It was a time of great uncertainty and upheaval in America. A time of grand, expansive plans as a small part of the population enjoyed untold prosperity. It was also when the ability to survive yet another day was a small plodding measure of success. One man pierced the veil of darkness attempting to bring a modicum of hope and light to the beleaguered inhabitants of his city. He is vengeance. He is the night. He knows where to find you and what you fear. He is... the Ghost of Manhattan. Hold on for just a minute. Is it just me, or does that not sound amazingly familiar to anyone that has read a comic book in the last seventy-five years or seen a movie this millennium?
“Fontreux,” Alex continued, “is and has been one of the primary manufacturers of aircraft engines and parts to the French government. They are an essential part of the supply chain for eighty five percent of fighter engine parts and seventy two percent of rotary wing engine manufacturing for the French military. “And the Bank is to provide the bulk of the initial investment in the expansion.” “There is just one issue that may interfere.” Stevens had come to Annex B of the internal portion of the prospectus. “Oh yes. This could be a problem,” Stevens mused turning to Alex.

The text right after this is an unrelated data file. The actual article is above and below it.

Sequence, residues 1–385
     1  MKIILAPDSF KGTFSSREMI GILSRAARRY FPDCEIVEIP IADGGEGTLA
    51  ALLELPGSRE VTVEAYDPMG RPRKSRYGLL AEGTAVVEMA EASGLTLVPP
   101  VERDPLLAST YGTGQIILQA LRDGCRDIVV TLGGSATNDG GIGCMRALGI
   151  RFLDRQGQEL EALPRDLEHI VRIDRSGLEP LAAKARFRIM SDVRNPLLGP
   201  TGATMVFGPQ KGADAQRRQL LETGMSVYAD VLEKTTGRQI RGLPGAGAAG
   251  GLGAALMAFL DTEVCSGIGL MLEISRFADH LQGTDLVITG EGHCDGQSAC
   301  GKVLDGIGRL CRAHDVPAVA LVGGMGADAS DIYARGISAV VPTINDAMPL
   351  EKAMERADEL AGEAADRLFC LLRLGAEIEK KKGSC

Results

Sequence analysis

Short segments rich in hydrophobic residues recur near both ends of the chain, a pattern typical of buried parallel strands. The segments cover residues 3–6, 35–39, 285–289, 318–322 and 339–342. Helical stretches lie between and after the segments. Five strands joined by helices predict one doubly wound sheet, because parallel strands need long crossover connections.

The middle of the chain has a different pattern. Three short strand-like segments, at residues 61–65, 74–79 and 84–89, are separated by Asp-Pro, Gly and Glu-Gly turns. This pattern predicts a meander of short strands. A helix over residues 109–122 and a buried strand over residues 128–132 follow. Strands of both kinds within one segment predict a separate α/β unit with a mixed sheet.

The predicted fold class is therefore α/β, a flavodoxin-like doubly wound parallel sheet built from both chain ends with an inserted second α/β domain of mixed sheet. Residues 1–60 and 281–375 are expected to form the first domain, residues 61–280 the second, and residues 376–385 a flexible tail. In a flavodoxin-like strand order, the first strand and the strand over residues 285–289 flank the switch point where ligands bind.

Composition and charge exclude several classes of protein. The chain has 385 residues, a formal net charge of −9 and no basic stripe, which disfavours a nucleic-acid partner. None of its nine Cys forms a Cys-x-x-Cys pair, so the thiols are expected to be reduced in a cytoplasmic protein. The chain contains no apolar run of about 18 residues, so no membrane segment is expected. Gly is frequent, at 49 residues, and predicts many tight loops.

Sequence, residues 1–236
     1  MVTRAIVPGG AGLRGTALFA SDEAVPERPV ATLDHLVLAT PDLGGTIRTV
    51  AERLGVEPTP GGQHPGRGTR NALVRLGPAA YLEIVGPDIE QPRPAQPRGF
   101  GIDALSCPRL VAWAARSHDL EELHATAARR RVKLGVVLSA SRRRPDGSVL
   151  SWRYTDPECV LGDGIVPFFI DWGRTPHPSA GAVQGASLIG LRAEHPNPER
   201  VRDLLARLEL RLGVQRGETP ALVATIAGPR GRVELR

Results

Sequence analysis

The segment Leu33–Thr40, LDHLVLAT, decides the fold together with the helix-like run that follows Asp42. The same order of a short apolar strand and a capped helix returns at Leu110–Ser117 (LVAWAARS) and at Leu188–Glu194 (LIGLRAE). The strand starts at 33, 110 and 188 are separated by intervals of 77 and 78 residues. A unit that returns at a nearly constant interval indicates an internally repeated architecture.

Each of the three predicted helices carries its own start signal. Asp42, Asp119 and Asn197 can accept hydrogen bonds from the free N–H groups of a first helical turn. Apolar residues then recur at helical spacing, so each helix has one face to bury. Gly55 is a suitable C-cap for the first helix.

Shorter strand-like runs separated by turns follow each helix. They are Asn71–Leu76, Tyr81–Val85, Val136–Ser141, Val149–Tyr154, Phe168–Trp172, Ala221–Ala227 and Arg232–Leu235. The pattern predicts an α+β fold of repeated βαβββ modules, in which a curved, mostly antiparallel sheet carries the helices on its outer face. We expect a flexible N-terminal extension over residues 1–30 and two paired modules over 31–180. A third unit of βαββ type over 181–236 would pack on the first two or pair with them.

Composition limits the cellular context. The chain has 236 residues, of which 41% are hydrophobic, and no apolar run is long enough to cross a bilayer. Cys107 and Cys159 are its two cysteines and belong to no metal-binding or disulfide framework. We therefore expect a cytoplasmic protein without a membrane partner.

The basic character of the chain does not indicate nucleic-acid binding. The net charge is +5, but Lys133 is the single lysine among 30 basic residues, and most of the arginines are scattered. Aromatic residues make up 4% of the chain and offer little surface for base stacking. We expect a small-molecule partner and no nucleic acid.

Most of us attempt to attain a certain level of skill. This seems like an incredibly simple and obvious statement to make. We would much rather be good at something than to fail at it completely. For most of the world a basic level of competency is expected. The Night-Comers is the eighth novel I’ve read by Eric Ambler. Over the course of these 8 books there has been a subtle development of the main characters. The protagonist becomes competent.
It takes a special sort of author to open their book with one of the main characters dead. It takes a really good author to have their books main protagonist be a jaded opium addict. It takes an exceptional author to do both. The Quiet American is a parable, asking us to make sure we don’t fight just for our own ends but to truly question the world around us and make sure we make the correct hard choices.
Epitaph For A Spy by Eric Ambler My rating: 4 of 5 stars I began my foray into the thriller genre back in the mid to late 1990’s. This trip began, like most people that began reading thrillers in the 90’s, with the venerable Tom Clancy and his seminal work Red Storm Rising. Oddly, one …